A May 31, 2011, report by Zacks Investment Research revealed solid 2011 first-quarter earnings for most major health insurers. This is purportedly the third consecutive year of exceptional economic gains for the health insurance industry.
The market analyst firm attributed such ongoing health insurer profitability to several key factors. Chief among these were higher enrollment in health plans, widespread internal overhauls by insurers, and decreasing regulatory-related losses.
On the Right Side of the Law
Encouraged by recent health care legislative reform, Americans are apparently no longer foregoing or postponing needed medical treatment. This has resulted in much higher health plan utilization and correspondingly higher insurer revenues. Projections portend stabilized levels of increased healthcare utilization until 2012.
The recently enacted Health Care Reform Act (“HCRA”) is at the heart of all this increased marketplace activity. Effective as of this year, the HCRA mandates insurer maintenance of medical loss ratios of at least 80 percent for small group and individual health coverage. The new law requires a minimum ratio of 85 percent for larger commercial group policies. Medical loss ratio denotes the percentage of premium income that insurers must allocate to providing actual health care services.
A Banner Year
2011 portends to be a year of tremendous makeovers among major health insurance providers. Carriers must respond to a new regulatory climate, ongoing cost issues, and increasing consumer demands. This confluence of factors has forced insurers to re-examine their roles within the healthcare industry.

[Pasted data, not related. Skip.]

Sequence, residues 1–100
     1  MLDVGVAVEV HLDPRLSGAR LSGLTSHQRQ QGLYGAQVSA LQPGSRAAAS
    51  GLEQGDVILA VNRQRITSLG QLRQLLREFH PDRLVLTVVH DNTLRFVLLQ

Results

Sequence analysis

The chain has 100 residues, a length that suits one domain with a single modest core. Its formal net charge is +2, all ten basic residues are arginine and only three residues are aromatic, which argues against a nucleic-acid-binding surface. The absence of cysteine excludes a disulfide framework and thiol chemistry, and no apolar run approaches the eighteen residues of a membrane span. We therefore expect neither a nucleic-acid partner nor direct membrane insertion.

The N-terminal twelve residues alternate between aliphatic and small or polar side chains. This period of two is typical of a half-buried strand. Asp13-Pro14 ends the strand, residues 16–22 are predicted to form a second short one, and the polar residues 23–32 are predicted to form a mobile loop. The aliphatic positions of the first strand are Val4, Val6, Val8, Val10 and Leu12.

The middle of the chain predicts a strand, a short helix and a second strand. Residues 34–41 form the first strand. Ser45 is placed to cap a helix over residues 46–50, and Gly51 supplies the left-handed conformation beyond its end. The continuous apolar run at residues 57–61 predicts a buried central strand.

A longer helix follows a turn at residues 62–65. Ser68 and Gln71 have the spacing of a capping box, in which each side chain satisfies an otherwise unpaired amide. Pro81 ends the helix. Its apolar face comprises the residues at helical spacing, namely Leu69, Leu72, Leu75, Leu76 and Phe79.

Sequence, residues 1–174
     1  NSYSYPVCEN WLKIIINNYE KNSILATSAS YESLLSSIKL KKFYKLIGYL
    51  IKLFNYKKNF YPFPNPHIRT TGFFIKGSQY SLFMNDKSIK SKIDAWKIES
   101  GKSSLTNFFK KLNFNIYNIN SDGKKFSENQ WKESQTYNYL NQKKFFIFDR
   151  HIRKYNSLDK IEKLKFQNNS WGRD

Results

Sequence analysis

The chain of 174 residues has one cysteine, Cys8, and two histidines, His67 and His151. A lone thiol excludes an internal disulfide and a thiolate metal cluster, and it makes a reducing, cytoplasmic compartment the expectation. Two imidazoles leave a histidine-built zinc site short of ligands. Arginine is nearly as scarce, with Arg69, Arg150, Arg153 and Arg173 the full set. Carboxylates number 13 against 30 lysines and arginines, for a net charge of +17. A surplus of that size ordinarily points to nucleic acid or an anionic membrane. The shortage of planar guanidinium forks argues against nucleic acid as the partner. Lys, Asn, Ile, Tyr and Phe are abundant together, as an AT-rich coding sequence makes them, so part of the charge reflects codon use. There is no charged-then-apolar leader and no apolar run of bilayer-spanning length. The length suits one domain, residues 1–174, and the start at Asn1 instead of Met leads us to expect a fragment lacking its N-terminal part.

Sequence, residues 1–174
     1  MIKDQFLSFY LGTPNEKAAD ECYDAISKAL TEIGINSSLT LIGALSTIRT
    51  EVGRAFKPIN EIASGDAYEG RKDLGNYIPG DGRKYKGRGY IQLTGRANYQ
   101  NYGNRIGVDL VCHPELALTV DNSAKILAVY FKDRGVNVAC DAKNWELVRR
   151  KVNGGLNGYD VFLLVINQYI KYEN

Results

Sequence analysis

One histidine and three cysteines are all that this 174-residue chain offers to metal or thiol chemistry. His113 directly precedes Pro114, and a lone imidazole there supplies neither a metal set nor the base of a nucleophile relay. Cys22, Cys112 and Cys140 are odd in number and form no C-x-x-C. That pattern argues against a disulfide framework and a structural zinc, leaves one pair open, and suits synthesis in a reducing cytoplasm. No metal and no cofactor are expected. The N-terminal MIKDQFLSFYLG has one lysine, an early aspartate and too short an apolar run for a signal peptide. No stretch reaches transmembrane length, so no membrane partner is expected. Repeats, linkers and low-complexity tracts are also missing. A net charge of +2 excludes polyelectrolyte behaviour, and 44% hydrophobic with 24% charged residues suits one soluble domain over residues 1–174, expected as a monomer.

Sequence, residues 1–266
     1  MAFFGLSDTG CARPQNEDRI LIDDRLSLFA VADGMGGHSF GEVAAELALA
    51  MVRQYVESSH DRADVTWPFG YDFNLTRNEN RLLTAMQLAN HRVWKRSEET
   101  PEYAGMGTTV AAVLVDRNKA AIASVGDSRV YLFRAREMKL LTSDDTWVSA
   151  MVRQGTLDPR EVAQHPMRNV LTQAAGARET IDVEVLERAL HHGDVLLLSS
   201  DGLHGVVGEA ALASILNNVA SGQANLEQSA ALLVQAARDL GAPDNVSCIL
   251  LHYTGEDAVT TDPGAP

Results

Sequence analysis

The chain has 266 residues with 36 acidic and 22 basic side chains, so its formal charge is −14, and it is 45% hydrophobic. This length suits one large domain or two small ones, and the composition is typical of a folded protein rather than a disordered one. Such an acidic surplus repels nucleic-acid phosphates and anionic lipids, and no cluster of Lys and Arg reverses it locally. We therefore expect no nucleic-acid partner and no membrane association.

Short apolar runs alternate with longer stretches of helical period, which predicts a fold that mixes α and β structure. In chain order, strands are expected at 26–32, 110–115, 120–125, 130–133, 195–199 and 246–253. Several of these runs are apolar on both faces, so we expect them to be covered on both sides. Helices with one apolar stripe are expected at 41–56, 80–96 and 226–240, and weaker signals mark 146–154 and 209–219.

For instance, mandatory coverage for everyone, irrespective of pre-existing health problems has presented a major challenge for insurers. These phenomena are expected to temporarily decrease insurer profits for the next few years. Overall revenues are projected to re-stabilize with subsequent increased employment and consumer discretionary spending, however.
America’s aging population is also expected to fuel health insurance industry growth. Geriatric patients constitute a high-need segment of the market for healthcare services.
Currently, several major health insurer consolidations are at various stages of fruition. Insurers are combining resources in an effort to cut operating costs and maximize profitability. UnitedHealth Group and WellPoint have both acquired several new subsidiaries during the last half-decade. Similar alliances are slated for the near future as much stronger leveraging power with pharmacies, physicians, and hospitals yield the desired results.